Spend a life writing poems.
Spend another building things. (“It’s a hoverbike.” “Because …” “Because hoverbike!”)
Spend a life looking for facts.
Spend a life looking for truth.

These are your lifetimes.
Use them.

boy practicing violiinI can quibble a little bit at the math. Most of us don’t start spending several hours a day on a single skill at age eleven, except by parental fiat. ‘Seven years to master’ is semi-arbitrary — it might be five years, or ten. Sometimes you might want to spend a little time at the top of your game, instead of rushing on to the next thing as soon as you’ve mastered the one. Sometimes you can even master things in parallel.

But I love the basic concept. We live a long time, now. Most people get a good six decades of adulthood. One’s ‘working life’ often spans fifty years or more. And maybe not everyone is cut out to spend fifty or sixty years riffing on a single theme. Maybe some of us need two vocations, or five, or nine.

•   •   •

When I was a senior in high school, my honors English class studied a poem by Alastair Reid entitled “Curiosity”. Here is a part of it:

That poem resonated right down to my seventeen-year-old bones and became one of the central truths of my life. I first understood it on a personal level — the virtue of allowing yourself to love someone, and lose them, and love someone else again — but it can apply to careers as well.

Most people never let themselves die. Some are afraid of death. Dying is what the living do.

•   •   •

“The fox knows many things, but the hedgehog knows one big thing.” That’s the Greek version of a fundamental dichotomy that’s acknowledged in the fables of dozens of disparate cultures.

Most famously, however, this quote was used by historian and philosopher Isaiah Berlin to contrast two types of thinkers: “those, on one side, who relate everything to a single, universal, organizing principle — and, on the other side, those who pursue many ends, often unrelated and even contradictory.” (‘Let them be nine-lived and contradictory …’)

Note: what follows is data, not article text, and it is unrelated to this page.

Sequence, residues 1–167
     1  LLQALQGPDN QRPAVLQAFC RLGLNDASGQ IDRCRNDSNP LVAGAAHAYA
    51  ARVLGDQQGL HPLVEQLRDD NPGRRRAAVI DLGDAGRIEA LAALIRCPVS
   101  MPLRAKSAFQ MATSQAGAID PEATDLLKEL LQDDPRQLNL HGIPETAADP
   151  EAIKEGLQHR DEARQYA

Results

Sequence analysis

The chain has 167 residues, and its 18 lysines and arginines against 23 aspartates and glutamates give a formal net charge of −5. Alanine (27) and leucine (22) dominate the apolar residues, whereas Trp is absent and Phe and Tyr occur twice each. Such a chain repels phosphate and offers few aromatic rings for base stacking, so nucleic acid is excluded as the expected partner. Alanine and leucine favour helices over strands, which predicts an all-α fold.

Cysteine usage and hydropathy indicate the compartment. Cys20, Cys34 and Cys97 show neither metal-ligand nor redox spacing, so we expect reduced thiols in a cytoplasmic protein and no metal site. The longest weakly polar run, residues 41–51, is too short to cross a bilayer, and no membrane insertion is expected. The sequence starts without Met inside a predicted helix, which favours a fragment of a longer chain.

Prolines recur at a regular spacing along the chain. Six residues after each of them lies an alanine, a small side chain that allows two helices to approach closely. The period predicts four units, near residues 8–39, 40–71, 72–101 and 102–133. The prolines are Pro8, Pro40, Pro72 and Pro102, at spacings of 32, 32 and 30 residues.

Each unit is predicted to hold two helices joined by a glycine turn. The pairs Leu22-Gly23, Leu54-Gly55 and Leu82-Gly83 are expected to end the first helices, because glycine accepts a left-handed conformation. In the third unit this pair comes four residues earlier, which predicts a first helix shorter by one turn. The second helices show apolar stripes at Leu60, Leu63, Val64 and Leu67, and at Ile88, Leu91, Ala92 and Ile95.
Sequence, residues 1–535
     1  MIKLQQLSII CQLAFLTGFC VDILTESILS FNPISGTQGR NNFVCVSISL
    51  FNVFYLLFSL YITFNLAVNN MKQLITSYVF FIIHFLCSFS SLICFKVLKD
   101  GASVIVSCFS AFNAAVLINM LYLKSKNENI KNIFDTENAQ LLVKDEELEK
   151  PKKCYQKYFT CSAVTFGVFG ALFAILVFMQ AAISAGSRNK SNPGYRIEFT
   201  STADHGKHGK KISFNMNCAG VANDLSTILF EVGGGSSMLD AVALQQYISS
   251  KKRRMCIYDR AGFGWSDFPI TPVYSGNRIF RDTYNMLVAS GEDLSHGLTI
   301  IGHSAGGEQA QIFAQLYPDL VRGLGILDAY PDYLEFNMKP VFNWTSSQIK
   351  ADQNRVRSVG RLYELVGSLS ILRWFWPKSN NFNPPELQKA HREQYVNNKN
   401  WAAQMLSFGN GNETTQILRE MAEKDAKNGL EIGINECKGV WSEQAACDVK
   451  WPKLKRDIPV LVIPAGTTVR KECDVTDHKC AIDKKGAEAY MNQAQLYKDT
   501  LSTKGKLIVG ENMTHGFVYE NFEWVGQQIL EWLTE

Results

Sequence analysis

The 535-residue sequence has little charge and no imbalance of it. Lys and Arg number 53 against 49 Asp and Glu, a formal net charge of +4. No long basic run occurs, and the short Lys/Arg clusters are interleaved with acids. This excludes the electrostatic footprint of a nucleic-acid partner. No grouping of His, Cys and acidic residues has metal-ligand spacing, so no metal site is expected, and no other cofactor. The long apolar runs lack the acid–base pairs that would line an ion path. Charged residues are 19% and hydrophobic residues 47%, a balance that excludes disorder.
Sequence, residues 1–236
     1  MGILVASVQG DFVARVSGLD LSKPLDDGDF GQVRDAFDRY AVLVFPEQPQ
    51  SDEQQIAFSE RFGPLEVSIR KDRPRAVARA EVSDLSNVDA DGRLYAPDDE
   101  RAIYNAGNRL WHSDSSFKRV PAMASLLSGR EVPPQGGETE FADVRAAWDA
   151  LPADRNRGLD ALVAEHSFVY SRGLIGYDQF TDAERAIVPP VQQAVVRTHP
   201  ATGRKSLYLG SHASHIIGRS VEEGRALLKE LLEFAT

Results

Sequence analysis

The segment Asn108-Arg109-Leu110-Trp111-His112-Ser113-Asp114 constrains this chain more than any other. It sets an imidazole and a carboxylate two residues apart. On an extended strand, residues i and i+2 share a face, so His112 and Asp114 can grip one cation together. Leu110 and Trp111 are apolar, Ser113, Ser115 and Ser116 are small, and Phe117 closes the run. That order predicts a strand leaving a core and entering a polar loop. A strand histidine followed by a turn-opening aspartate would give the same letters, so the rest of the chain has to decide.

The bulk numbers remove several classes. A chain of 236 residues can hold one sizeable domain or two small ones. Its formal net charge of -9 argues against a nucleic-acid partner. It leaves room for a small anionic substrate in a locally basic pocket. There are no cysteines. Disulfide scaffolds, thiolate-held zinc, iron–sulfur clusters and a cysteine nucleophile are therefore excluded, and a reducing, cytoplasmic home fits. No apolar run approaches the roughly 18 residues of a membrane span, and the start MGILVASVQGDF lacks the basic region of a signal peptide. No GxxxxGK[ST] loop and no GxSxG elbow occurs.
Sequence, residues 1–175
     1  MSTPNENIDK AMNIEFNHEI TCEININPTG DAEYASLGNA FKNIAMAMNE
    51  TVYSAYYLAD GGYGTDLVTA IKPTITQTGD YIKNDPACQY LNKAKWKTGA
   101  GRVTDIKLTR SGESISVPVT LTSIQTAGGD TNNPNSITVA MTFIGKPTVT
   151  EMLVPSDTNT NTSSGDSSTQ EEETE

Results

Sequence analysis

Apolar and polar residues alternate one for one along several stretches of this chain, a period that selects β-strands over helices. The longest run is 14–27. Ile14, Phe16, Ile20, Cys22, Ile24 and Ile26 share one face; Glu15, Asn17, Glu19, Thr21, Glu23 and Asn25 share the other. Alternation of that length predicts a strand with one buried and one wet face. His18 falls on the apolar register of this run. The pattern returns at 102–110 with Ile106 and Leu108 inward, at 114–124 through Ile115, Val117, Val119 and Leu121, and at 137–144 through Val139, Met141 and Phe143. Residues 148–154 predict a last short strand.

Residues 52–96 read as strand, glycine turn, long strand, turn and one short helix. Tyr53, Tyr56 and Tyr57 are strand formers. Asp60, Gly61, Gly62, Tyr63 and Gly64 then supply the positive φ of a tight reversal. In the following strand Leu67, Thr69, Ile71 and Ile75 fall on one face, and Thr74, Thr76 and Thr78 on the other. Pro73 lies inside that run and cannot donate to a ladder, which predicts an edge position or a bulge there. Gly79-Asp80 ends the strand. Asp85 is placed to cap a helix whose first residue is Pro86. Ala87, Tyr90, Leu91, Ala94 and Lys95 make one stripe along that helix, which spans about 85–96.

hedgehogBerlin’s analogy can be applied to doers as well as thinkers. Hedgehogs are monomaths, concentrated specialists; foxes are polymaths, diversified generalists.

I’m not arguing for the inherent superiority of either approach, only suggesting that there are two paths, when our culture typically promotes only one.

We need dogs and hedgehogs — the people who learn one thing thoroughly and brilliantly and devote themselves to it for a lifetime, secure and stable and reliable.

But we need cats and foxes too — to take risks, even knowing that most of them will fail; to question established practices; to translate concepts across disciplines; to synthesize patterns that no specialist has the context to imagine.

•   •   •

If I could give advice to my teenaged self, I would tell her not to worry so much about picking the one big thing. First of all, because some futures are impossible to anticipate: at twenty-six I had a job in a field that no one had even imagined yet when I graduated college at twenty-two.

foxBut also because I’ve learned to embrace my inherently foxy nature. I’ve recognized that if I keep trying to compete with the hedgehogs in narrow, specialized fields, I’m going to fall short more often than not. Instead I’m deliberately focusing on the kinds of things that only foxes can do. I’m playing on the edges, in the interstices, at the intersections and frontiers.

As a result, in the last few years I’ve essentially ‘gone back to school’, courtesy of my public library. Along the way I’ve rediscovered joy.

•   •   •

If you’re young and struggling to pick just one big thing to do with your life, because too many things are pulling you in too many directions — think instead about what you’re going to do with your first life, knowing that you’ll have a second and a third and even a fifth if you want them.

Or if you’re older and you’re dissatisfied with the path you’ve been on, if you feel you’ve plateaued or you find yourself mourning the road not taken — maybe it’s time to close one chapter and start another. If a door has shut in your face — if your body breaks down, or technology makes your job obsolete — instead of ‘mentally simulating a reality in which that didn’t happen’, reinvent yourself.

Yes, it’s scary. You have to come to terms with the fact that life is not one unbroken upward curve of success. There is always a ‘cat price’ to be paid in starting over. But it’s exciting and rewarding too.

Even stolid hedgehogs might want a second act. My friend Stacy has been a dedicated journalist for almost twenty years, and she’s not done yet … but she says she can’t imagine doing the same thing for another thirty. Wolfe, who showed me the many-lives comic above, is ironically the only person I know who’s worked at the same company for more than fifteen years — but earlier this year he jumped tracks into a radically different type of job, and is vastly happier for it.

sunrise from MauiI think sometimes we’re asking ourselves the wrong questions. “Would you choose your career for love or for money?” doesn’t encompass the possibility of first one and then the other. “What do you want to be when you grow up?” ignores the fact that our minds never stop growing. Instead of trying to map out our whole lives at once, maybe we should just be asking,

“What should I do next?”

Tip

49 responses

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  1. Wolfe says

    Beautiful.

  2. Done by Forty says

    I love this piece. Thank you.

    • Karawynn says

      Thank you! Writing this one was a lot of work, so I am very glad it touched someone.

  3. Tucker says